With that, almost all of Iberia came under the control of Zulfiqar and al-Andalus, with the notable exception of Qartayannat and Narbuna. Sahim Tirruni had no time to retaliate, however, with the Emperor personally leading counterattacks into Occitania and forcing the French backwards, even as the Russians and Germans advanced from the east.

And with Tirruni distracted, Grand Vizier Zulfiqar was confident enough to launch one final offensive - straight towards Narbuna, the heart of the Tirruni Empire.

The Andalusi army thus pushed northwards just as October came to an end, but Zulfiqar achieved his objective before even reaching the city, with a desperate Sahim Tirruni finally agreeing to make peace on Andalusi terms.

Eager to make the negotiations quick and conclusive, Zulfiqar’s terms were short and simple: that the unlawful Iberian Kingdom finally be dismantled, and its territories ceded to Al Andalus.

And this time, Tirruni had no choice but to concede defeat, agreeing to all of Zulfiqar’s demands. In return for withdrawing from Qattalun, the Emperor agreed to relinquish his supremacy over the Iberian Kingdom, ceding all of his territories west of Saraqusta to the Andalusi.

And with that, at long last, the last days of war come to an end. Al Andalus now stretches from Qadis to Qantabriyya, and even with Qattalun still beyond its grasp, the past fifteen years have seen the Andalusi rise to become the dominating power in Iberia once again.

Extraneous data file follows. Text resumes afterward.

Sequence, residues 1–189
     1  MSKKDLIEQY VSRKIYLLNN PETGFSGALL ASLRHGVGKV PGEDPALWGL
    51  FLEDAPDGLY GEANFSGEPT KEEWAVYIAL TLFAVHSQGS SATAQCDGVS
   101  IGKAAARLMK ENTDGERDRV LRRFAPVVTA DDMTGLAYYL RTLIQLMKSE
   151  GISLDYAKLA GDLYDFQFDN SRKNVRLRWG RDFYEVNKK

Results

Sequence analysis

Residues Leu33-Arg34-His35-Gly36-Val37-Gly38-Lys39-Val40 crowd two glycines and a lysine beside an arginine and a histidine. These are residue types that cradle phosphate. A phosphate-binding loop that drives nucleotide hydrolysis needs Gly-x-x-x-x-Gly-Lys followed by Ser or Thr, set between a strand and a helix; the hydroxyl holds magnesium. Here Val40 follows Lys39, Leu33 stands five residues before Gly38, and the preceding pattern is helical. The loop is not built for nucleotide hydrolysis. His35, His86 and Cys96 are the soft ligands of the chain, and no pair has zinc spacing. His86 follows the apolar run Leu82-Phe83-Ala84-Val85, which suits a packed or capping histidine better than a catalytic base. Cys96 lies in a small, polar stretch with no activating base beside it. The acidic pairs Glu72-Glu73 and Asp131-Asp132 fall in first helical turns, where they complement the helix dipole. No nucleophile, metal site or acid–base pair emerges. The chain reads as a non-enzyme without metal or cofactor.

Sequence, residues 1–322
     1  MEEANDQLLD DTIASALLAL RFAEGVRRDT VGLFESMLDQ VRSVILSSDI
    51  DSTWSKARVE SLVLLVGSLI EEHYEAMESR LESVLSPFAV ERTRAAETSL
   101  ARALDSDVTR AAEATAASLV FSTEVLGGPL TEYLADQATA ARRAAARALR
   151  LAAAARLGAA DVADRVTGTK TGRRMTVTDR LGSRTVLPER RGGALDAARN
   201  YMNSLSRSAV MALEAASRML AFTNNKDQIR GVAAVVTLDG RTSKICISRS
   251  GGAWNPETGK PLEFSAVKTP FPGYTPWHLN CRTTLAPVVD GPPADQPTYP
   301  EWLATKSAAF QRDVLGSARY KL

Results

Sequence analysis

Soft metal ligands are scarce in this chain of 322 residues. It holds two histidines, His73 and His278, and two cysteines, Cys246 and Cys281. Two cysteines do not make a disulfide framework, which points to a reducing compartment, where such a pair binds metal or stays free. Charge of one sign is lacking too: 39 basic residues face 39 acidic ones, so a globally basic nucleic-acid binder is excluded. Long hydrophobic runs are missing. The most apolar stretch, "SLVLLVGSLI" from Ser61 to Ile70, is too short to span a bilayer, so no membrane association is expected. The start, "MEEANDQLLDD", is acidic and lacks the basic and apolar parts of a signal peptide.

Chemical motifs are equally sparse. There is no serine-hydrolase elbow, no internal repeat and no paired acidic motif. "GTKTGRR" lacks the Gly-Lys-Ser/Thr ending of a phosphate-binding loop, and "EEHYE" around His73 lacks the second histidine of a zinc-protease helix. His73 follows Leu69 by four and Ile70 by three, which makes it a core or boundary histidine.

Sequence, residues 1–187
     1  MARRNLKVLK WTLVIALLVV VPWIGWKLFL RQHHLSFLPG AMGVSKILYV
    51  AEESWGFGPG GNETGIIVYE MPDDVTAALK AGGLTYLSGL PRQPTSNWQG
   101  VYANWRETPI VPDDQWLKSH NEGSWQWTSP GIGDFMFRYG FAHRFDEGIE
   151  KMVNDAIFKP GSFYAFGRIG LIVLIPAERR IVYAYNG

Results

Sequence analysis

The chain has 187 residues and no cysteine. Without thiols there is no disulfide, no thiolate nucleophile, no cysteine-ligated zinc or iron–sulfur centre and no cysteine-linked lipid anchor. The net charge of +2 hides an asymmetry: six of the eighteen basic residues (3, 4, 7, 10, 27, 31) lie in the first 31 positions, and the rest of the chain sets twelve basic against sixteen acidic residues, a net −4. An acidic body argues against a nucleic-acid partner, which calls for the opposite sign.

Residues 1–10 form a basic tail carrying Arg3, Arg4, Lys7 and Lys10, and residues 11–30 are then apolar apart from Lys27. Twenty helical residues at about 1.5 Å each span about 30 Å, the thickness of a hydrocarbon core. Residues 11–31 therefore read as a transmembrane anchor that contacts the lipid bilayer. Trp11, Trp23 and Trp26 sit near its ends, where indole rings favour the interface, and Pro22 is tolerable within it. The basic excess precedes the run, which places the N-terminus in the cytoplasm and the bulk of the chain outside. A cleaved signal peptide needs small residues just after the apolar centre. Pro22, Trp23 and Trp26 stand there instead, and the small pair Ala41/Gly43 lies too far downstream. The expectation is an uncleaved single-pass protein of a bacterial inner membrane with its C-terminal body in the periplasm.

Now, Zulfiqar can sit back and begin working in the shadows, slowly increasing relations and building closer ties with the great powers of Europe.

As for Tirruni, the withdrawal of the Andalusi from Qattalun didn’t really help that much, with one problem quickly being replaced by another. November saw the beginning of another massive invasion of the Tirruni Empire, with 90000 Berbers pushing northwards and into Qattalun, crushing everything in their path.

Tirruni had literally no manpower reserves to counter this invasion, however. So in an attempt to free up more resources, he proclaimed the annexation of the Kingdom of Rome, quickly sending troops to assert direct rule over Central Italy.

This attempt to raise more soldiers would prove futile, however, as the Russians and Germans simply pushed south on a renewed offensive, besieging and capturing Rome after a short, bloodless siege.

Across the Adriatic Sea, meanwhile, the Serbian Republic stood in a striking parallel to the Tirruni Empire. The Republic had been at odds with their neighbours since its very inception, but the recent succession of corrupt and inept leaders had seen the fortunes of the Serbs quickly decline, with the once-renowned Revolutionary Armies now unable to defeat even the tiny Greek forces.

The dying days of 1835 thus saw the Serbian Republic quickly collapse to a variety of invaders, with the Greeks and Berbers pushing up from the south, the Bulgarians from the east, and the Hungarians from the north. The Balkan Crisis was quickly reaching boiling point, attracting the attention of the surrounding great powers, who saw it as a danger to the already-precarious balance of power.

Further east, the old and decadent dynasties ruling Egypt and Armenia continued their struggle for dominance in the Near East, with the decade-long war for the Levant showing no signs of slowing down. December of 1835 would see Almoravid emissaries arrive at both Alexandria and Erzurum, however, inviting the two powers to make peace at an international conference of great powers.